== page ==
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MG 260 Business Law I
Miratsky, Matthew J.


Mission Statement: The mission of Park University, an entrepreneurial institution of learning, is to provide access to academic excellence, which will prepare learners to think critically, communicate effectively and engage in lifelong learning while serving a global community.

Vision Statement: Park University will be a renowned international leader in providing innovative educational opportunities for learners within the global society.

Course

MG 260 Business Law I

Semester

SP 2008 HOA

Faculty

Miratsky, Matthew J.

Title

Adjunct instructo

Degrees/Certificates

Bachelor of Arts, Doane College
Juris Doctor, Creighton University

Daytime Phone

816-509-7894

E-Mail

matthew.miratsky@park.edu

mmiratsky@kc.rr.com

Semester Dates

January 14 to May 9, 2008

Class Days

--T-R--

Class Time

7:20 - 8:35 AM

Credit Hours

3


Textbook:
Mann, Business Law and the Regulation of Business, 9th edition, 2008, Thompson S-W.

Textbooks can be purchased through the MBS bookstore

Additional Resources:

McAfee Memorial Library - Online information, links, electronic databases and the Online catalog. Contact the library for further assistance via email or at 800-270-4347.
Career Counseling - The Career Development Center (CDC) provides services for all stages of career development.  The mission of the CDC is to provide the career planning tools to ensure a lifetime of career success.
Park Helpdesk - If you have forgotten your OPEN ID or Password, or need assistance with your PirateMail account, please email helpdesk@park.edu or call 800-927-3024
Resources for Current Students - A great place to look for all kinds of information http://www.park.edu/Current/.


Course Description:
Introduction to the law: contracts, agency, employment, and negotiable instruments; comparison of social responsibility and legal aspect of selected issues. 3:0:3

Learning Outcomes:
  Core Learning Outcomes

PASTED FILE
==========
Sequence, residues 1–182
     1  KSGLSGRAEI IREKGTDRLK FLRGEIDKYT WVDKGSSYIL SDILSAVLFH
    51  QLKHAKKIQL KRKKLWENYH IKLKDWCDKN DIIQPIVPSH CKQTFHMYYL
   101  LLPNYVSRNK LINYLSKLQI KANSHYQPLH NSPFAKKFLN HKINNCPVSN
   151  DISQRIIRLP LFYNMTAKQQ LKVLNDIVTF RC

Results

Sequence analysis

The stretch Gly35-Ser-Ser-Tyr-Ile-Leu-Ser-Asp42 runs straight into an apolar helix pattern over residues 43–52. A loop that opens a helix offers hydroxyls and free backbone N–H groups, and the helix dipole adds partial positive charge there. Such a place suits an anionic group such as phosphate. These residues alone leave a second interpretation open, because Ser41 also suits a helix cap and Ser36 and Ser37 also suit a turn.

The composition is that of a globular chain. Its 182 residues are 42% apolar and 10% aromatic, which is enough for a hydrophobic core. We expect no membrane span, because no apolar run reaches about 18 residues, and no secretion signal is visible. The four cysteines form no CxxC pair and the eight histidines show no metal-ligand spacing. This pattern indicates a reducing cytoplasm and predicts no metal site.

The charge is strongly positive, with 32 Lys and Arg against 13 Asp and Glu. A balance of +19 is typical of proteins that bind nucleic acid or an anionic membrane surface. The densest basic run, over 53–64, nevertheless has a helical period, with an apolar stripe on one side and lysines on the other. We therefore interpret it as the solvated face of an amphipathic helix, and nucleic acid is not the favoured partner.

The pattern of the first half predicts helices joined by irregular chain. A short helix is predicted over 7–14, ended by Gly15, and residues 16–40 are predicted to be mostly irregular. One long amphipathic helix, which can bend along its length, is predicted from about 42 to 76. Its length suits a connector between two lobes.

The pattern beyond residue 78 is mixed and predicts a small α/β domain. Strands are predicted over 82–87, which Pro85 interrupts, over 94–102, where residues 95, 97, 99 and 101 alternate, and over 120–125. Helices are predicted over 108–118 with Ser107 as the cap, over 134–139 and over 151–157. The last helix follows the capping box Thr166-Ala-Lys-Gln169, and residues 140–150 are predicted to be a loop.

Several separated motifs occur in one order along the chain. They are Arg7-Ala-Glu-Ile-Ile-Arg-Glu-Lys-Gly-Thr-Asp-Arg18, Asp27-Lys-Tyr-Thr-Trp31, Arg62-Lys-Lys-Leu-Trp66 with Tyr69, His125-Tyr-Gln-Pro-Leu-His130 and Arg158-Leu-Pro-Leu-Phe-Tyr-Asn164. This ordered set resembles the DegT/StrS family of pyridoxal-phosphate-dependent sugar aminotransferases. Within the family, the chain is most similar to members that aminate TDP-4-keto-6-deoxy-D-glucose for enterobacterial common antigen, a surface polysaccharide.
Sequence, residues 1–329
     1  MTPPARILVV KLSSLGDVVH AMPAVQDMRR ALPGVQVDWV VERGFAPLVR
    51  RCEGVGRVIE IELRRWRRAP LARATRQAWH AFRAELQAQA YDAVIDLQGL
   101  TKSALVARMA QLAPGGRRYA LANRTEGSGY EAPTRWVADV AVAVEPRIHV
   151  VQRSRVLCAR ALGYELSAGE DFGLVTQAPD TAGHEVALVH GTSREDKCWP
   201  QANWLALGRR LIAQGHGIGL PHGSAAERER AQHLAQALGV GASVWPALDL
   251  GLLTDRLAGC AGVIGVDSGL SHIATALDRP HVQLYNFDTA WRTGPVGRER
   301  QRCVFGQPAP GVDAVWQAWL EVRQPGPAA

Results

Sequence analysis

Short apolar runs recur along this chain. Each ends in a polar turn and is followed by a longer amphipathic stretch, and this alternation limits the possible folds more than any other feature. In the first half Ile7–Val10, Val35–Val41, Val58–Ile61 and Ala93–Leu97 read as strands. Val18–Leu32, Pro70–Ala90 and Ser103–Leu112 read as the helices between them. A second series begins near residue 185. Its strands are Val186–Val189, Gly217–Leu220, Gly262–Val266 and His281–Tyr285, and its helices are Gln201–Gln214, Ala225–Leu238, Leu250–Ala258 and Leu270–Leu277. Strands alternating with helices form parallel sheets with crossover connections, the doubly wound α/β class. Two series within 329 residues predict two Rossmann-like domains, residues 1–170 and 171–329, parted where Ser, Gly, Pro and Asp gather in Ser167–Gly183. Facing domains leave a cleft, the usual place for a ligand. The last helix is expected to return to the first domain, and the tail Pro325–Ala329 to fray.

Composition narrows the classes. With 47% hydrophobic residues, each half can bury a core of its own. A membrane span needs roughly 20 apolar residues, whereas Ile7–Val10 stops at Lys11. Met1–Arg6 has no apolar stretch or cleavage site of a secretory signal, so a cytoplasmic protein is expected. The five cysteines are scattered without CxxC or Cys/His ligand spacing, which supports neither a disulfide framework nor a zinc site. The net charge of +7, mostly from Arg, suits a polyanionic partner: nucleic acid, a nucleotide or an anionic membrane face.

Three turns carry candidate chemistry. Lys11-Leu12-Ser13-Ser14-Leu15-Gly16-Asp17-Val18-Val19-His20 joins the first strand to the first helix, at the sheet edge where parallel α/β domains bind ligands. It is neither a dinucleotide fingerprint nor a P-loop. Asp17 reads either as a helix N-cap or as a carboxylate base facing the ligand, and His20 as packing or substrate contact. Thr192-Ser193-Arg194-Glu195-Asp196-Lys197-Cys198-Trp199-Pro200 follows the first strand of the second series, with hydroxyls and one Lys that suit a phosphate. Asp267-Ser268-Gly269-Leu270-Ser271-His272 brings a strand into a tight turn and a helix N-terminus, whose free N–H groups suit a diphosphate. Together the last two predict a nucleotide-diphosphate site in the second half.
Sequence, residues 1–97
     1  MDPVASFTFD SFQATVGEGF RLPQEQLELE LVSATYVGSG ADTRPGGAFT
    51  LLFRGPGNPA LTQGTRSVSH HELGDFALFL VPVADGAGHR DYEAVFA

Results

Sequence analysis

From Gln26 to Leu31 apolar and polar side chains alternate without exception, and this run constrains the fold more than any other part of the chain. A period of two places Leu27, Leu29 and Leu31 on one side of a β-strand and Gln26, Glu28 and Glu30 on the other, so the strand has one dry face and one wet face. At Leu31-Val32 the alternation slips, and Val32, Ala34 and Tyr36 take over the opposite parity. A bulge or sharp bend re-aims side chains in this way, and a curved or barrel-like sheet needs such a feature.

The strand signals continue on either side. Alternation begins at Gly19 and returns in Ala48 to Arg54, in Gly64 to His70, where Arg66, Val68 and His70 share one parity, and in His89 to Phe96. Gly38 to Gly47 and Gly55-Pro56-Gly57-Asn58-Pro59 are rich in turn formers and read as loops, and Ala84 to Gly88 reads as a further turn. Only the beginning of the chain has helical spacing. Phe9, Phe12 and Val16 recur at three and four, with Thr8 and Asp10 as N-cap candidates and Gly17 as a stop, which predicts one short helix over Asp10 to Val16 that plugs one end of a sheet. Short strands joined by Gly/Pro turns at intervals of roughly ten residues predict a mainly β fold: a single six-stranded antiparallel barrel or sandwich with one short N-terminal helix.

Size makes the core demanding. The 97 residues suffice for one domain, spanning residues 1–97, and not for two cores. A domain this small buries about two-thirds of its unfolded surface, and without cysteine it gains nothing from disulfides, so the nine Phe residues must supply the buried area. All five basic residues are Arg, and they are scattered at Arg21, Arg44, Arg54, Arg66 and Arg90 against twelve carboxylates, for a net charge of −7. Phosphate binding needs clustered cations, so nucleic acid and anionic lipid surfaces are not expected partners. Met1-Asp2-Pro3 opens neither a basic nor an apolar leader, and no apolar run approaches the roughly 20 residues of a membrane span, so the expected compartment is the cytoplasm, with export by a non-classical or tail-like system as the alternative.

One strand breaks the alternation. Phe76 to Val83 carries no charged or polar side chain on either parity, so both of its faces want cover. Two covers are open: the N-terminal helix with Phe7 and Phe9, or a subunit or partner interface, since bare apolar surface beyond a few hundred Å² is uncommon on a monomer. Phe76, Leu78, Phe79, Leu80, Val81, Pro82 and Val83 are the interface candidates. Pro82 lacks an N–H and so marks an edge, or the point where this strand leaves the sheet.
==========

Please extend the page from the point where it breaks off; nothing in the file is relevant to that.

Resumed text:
1. Distinguish between the role of the law and ethics in business decision making.
  2. Discuss the role the US Constitution plays in the regulation of business.
  3. Recognize the difference between civil and criminal law, and the duties and liabilities with each.
  4. Distinguish between intentional torts, negligence, and strict liability.
  5. Examine the legal requirements for contract formation.
  6. Discuss what actions constitute a breach of a contract, and the remedies available.
  7. Explain the warranties imposed by law in the sale of goods


Core Assessment:

All Park University courses must include a core assessment that measures the course's Core Learning Outcomes. The purpose of this assessment is to determine if expectations have been met concerning mastery of learning outcomes across all instructional modalities. 

 For this course, the core assessment is a Comprehensive Final Examination to be administered in all sections of MG 260. This exam is worth at least 30 percent of the student's final grade and will test students' mastery of the Core Learning Outcomes (as listed on this syllabus) through definitions, essay, and/or multiple choice questions. 

 This core assessment is a CLOSED BOOK, CLOSED NOTES comprehensive examination that must be administered and proctored in the classroom and may not be given as a take-home examination. Students should not have access to the exam or its questions before it is administered. The duration of the exam can be no longer than two hours. 

 No computers, or materials other than a writing instrument and a calculator without text functions and communication may be used for the exam; this applies to all students, regardless of whether the exam is for on-line or face-to-face students. Completion of the exam is strictly individual; students may not work in groups to complete the exam.

Link to Class Rubric

Class Assessment:

 

Grading:

1000 Total points for the course, accumulated as follows:

50 points - participation

50 points - attendance

150 points - Writing Assignment

450 points - 3 exams (150 points each)

300 points - Final Exam (Core Assessment)

The course grade for students will be based on the overall average of homework and tests taken during the course in accordance with the weighting of the various requirements as stated in the syllabus.

All final exams in all School of Business and Management courses will be comprehensive and will be closed book and closed notes. They will constitute 20% of the total course grade and will not be a take-home exam. They will be completed during the test week in the period designated by the registrar or by the Proctor in the case online courses. If calculators are allowed, they will not be multifunctional electronic devices that include features such as: phones, cameras, instant messaging, pagers, and so forth. Electronic Computers will not be allowed on final exams unless an exception is made by the Dean of the School of Business and Management.

Course Topic/Dates/Assignments: